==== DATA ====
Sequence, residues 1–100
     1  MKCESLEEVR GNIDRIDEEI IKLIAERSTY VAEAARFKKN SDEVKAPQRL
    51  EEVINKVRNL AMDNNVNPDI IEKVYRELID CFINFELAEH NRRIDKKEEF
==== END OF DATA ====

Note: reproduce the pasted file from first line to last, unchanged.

Sequence, residues 1–100
     1  MKCESLEEVR GNIDRIDEEI IKLIAERSTY VAEAARFKKN SDEVKAPQRL
    51  EEVINKVRNL AMDNNVNPDI IEKVYRELID CFINFELAEH NRRIDKKEEF